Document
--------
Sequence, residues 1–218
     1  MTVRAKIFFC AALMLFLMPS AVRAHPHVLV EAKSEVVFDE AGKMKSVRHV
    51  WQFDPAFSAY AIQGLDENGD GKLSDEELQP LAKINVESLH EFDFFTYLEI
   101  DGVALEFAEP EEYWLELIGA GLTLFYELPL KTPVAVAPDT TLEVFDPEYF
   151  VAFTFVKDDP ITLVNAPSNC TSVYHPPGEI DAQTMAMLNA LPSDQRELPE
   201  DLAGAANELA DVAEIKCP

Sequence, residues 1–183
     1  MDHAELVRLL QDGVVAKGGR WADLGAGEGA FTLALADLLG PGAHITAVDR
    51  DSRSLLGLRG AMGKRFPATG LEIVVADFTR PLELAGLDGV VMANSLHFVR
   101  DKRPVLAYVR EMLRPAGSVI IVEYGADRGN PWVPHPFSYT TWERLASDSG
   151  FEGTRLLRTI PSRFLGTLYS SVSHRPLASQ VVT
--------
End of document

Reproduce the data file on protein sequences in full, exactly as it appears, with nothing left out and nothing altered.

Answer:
Sequence, residues 1–218
     1  MTVRAKIFFC AALMLFLMPS AVRAHPHVLV EAKSEVVFDE AGKMKSVRHV
    51  WQFDPAFSAY AIQGLDENGD GKLSDEELQP LAKINVESLH EFDFFTYLEI
   101  DGVALEFAEP EEYWLELIGA GLTLFYELPL KTPVAVAPDT TLEVFDPEYF
   151  VAFTFVKDDP ITLVNAPSNC TSVYHPPGEI DAQTMAMLNA LPSDQRELPE
   201  DLAGAANELA DVAEIKCP

Sequence, residues 1–183
     1  MDHAELVRLL QDGVVAKGGR WADLGAGEGA FTLALADLLG PGAHITAVDR
    51  DSRSLLGLRG AMGKRFPATG LEIVVADFTR PLELAGLDGV VMANSLHFVR
   101  DKRPVLAYVR EMLRPAGSVI IVEYGADRGN PWVPHPFSYT TWERLASDSG
   151  FEGTRLLRTI PSRFLGTLYS SVSHRPLASQ VVT